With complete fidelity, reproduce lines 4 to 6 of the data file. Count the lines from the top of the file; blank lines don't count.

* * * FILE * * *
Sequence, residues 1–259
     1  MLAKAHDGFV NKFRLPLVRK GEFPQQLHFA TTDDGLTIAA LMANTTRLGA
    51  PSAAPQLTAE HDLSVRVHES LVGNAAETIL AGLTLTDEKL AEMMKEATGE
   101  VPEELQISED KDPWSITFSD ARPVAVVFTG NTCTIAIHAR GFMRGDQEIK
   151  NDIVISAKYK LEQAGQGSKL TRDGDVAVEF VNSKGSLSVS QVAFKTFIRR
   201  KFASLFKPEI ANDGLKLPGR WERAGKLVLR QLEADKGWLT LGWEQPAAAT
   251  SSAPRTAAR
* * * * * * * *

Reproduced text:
   101  VPEELQISED KDPWSITFSD ARPVAVVFTG NTCTIAIHAR GFMRGDQEIK
   151  NDIVISAKYK LEQAGQGSKL TRDGDVAVEF VNSKGSLSVS QVAFKTFIRR
   201  KFASLFKPEI ANDGLKLPGR WERAGKLVLR QLEADKGWLT LGWEQPAAAT